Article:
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To Many, Educational Vacations Are Smart Idea

Travel: Universities, museums offer guides and lectures to help tourists stretch their minds.


CHICAGO — Dr. David Terman spent years seeing the world before someone explained it to him.

Terman and his wife had hiked in the Rocky Mountains and traveled across Europe on their own before they went to Egypt with the University of Chicago. They replaced their own guidebooks with a long reading list, history books and a guide who specialized in Egyptology.

Terman is one of a growing number of travelers who are opting for vacations that stretch their minds, immerse them in another culture and help them grasp the significance of the sights they see.

Universities, museums and other organizations that sponsor so-called learning vacations say membership has swelled in the past decade as the population ages and more Americans decide they want to learn about the world through travel.

The American Museum of Natural History in New York--which claims to have been the first not-for-profit to offer learning vacations to adults with a 1953 excursion to Mayan ruins in Mexico's Yucatan Peninsula--now offers 55 trips a year.

Terman, a 61-year-old psychiatrist from the Chicago suburb of Wilmette, said he and his wife wanted an expert to help them navigate Egypt's complex history and culture. They were pleased with their decision to take the university tour.

At the Temple of Luxor, for instance, the Egyptologist explained how the sprawling 3,300-year-old complex was built, how it was used, what the hieroglyphics said and the symbolism behind the pictures carved in stone.

"They are wonderful images, but unless you have the knowledge and expertise to translate it, it's relatively meaningless," Terman said. "When you understand more, you appreciate the beauty of what you see."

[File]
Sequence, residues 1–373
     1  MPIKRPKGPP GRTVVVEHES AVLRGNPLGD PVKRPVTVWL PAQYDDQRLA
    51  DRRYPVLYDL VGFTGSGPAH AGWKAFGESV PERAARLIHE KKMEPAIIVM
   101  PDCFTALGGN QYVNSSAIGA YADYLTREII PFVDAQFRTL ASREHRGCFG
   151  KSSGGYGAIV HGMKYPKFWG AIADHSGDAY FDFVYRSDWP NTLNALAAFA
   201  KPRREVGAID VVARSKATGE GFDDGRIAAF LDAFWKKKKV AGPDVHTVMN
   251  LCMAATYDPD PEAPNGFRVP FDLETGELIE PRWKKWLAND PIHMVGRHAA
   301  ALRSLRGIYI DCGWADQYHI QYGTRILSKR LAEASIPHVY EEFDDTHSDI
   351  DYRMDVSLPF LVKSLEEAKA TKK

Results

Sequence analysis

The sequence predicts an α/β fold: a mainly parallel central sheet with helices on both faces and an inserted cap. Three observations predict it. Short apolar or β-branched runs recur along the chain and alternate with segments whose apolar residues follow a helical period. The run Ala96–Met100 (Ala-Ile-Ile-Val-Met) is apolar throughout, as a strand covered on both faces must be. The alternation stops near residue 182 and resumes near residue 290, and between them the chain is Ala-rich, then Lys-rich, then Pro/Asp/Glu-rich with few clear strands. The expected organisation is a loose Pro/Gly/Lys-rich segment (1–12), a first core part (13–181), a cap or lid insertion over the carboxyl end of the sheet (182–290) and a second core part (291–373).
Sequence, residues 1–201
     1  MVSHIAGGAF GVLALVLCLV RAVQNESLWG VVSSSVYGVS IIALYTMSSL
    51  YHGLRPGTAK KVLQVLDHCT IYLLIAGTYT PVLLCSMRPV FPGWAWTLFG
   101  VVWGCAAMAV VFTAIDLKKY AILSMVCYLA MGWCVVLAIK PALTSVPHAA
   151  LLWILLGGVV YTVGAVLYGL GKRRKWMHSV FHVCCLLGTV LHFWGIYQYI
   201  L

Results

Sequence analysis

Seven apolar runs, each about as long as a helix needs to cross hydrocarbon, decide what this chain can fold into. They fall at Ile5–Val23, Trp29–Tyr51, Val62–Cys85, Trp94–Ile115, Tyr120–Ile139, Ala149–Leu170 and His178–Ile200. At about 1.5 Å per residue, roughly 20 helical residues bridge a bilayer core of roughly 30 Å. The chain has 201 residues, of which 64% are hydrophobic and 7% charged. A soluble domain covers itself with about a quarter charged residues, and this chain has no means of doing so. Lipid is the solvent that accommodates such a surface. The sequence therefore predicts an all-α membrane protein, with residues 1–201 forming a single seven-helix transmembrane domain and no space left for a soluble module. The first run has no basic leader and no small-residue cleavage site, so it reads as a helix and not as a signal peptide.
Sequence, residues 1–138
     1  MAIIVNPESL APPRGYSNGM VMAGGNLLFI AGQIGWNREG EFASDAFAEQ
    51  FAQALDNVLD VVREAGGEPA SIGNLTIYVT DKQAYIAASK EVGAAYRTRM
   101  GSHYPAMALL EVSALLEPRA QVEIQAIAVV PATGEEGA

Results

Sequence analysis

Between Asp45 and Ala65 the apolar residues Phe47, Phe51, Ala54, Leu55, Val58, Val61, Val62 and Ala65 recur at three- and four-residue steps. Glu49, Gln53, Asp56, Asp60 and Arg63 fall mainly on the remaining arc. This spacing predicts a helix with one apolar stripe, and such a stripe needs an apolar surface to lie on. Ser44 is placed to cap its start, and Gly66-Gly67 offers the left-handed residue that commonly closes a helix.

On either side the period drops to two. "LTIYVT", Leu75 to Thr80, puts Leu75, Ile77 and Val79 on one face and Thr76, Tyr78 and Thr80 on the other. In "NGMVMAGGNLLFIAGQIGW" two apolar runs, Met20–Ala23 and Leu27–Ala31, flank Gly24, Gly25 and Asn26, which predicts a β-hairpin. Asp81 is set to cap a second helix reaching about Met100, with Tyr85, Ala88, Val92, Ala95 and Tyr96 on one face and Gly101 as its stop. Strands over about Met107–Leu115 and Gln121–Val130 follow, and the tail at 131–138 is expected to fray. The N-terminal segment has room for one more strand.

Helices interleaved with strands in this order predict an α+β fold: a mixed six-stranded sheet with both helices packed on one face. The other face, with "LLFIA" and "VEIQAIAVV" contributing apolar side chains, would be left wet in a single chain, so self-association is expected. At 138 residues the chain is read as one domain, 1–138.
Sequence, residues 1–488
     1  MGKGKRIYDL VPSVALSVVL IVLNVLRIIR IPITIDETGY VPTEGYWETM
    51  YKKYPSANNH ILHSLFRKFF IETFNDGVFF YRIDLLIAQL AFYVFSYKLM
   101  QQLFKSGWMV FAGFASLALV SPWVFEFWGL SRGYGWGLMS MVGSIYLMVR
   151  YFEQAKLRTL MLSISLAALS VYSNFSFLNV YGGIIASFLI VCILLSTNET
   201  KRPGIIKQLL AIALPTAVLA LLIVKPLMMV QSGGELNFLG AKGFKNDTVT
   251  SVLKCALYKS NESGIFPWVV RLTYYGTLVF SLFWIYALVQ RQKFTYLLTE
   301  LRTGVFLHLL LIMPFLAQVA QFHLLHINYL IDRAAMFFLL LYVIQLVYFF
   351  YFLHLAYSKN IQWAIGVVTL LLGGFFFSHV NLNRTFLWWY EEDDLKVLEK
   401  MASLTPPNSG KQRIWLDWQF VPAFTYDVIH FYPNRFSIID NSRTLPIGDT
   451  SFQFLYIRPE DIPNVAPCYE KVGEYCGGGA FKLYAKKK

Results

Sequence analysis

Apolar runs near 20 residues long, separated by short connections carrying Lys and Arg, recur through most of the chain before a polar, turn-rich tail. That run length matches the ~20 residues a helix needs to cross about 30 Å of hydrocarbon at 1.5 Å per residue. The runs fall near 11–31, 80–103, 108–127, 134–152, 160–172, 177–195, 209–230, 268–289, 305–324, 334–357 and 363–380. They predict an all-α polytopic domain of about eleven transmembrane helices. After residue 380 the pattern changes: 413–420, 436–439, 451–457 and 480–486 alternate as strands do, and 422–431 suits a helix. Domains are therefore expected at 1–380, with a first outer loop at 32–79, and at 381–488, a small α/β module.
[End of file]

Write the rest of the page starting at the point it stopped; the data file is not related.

Learning vacations, although increasing in popularity, are still only a fraction of the billion-dollar-a-year travel industry.

Many not-for-profits say they are in the travel business to educate adults and cultivate donors--not to make money. In fact, Susan Givens, director of discovery tours for the American Museum of Natural History, said most trips just cover costs.

But for-profit groups are in the act as well. Holland America Line-Westours started offering historical and cultural lectures on its three-month world cruises in the late 1950s. Now, it offers them on 10-day trips between the United States and Europe, spokeswoman Juli Chase said.

The trips aren't for everybody, considering hours devoted to lectures and prices that range from $2,000 for a University of Chicago trip to Italy's Tuscany region to $37,000 for a monthlong, round-the-world trip on a private plane with the National Trust for Historic Preservation.

Retired Evanston elementary school teacher Mary Frances Eagle says going with an expert is worth the money.

"People say it's more expensive, but they don't realize how much more you get from a trip like that," Eagle said.

She went with the University of Chicago to Alaska and the Middle East. A geologist on her Alaska trip pointed out how glaciers had shaped the landscape and why various rock formations had different colors.

"Knowing nothing about geology myself, at least for the moment I knew what I was seeing," she said. "You have to know quite a lot to know what to look for."

An Egyptologist took Eagle's University of Chicago group to remote tombs in the Valley of the Kings in southern Egypt.

"We were off by ourselves in these essentially virgin tombs where everybody does not go," she said. "I remember crawling and crawling and crawling some more and finally getting into one of the tombs and seeing the most beautiful frescoes. There you sort of felt like what Egypt must have been like at that time thousands of years ago."

Eagle dodges tours that try to cram in too much or have participants always on the go. But she said traveling in a group has some benefits.

"If you've got to take a plane someplace, it's kind of nice to have somebody to make sure you get it," she said.

Most people who take educational vacations are retired, but those in their 40s have started signing up. Baby boomers who went to Europe when they were young now want something more, said Mara Dellipriscoli of the Travel Learning Conferences. She has tracked educational travel since the 1970s.

"They want some participation, understanding and interaction," she said. "They also want a nice hotel in the evening."

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